The Military’s Role and the Effects in A Civilian Supremacy, Civilian Control, and Military Regime Natasha Vattikonda
Student ID: 250480013
Political Science 2245E Section 570
The concept of ‘civilian supremacy’ is one which has proven to be a controversial issue because it deals with the factors surrounding how a state chooses to govern itself and in whose hands the power and right to govern lies in. A state is known to be most concerned with self-preservation and protecting its own interests, and therefore some degree of military is almost always present somewhere within the hierarchy structure of the government. However, it is important to note that the level at which the military is actually involved politically and socially within the state varies. Military intervention can range anywhere from very limited entrance into issues regarding society to the military having complete control over the country. A country that claims to be democratic will either have a civilian supremacy, civilian control, conditional subordination, or military tutelage however, to be considered a liberal democracy the state must be either under civilian supremacy or civilian control. In states of autocratic rule, the government is under either military control or military rule. In today’s modernized version of a democracy, it is not only considered necessary to have a clear division between the government and the military but a high degree of control is needed for the military to be under civilian control. For this sense of the word, ‘civilians’ refer to all persons or organizations that have no attachment to the military. Civilian control, therefore, refers to governments and their agencies having the authority to determine the resources and purpose of the military without needing to concern themselves with the chance of military interference.
As the average of military control globally decreases it allows the average of civilian control to globally increase and while most countries currently operate under either civilian supremacy or civilian control, only a minority of this number operate as a true civilian supremacy. There are, however, a small number of autocratic countries in which the military dominates. There are three that will be the analytical focus of this paper regarding the levels of military power and control over the state. The first is the Republic of South Africa, which is a country located at the tip of Africa. It is an area that has been inhabited for over a thousand years by modern humans and has three different capitals, Cape Town, the legislative capital, Pretoria, the administrative capital, and Bloemfontein, the judicial capital. They operate via a bicameral parliament and have an upper house, the National Council of Provinces (90 members), and a lower house, the National Assembly (400 members). The second is the country of India, which is located in South Asia and has the second largest population. India is also a bicameral parliament and is described as “quasi-federal” because of it’s strong centre and weaker states, although since the 1990s it is becoming more and more federal. The Prime Minister is considered the head of government and is able to exercise the most executive power. The third location under analysis is Burma, or know officially as the Union of Myanmar. Burma has an extraordinarily diverse population and thus has extremely diverse cultures and they are still struggling to ease the tension caused by the variety of different ethnicities. Burma is under the military control of the State Peace and Development Council and is governed by a military junta. Some sense of military exists in each of these places and yet the degree of involvement in civilian affairs varies depending on the individual circumstance which will be further explored.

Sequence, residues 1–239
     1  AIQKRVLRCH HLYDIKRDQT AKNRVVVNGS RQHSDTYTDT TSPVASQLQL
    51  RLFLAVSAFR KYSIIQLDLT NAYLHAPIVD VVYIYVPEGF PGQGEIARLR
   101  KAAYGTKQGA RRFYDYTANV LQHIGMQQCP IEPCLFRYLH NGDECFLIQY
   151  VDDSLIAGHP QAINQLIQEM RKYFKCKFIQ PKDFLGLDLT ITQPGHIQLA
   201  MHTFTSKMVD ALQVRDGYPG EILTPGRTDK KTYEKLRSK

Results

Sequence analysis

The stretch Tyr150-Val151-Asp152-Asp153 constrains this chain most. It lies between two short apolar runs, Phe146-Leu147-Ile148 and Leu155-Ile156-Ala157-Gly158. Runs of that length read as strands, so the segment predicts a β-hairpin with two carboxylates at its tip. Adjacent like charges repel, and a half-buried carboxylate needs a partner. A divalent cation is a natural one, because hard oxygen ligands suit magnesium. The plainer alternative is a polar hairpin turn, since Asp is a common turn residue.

South Africa operates under a civilian supremacy, which falls under the category of democratic control because the military in South...
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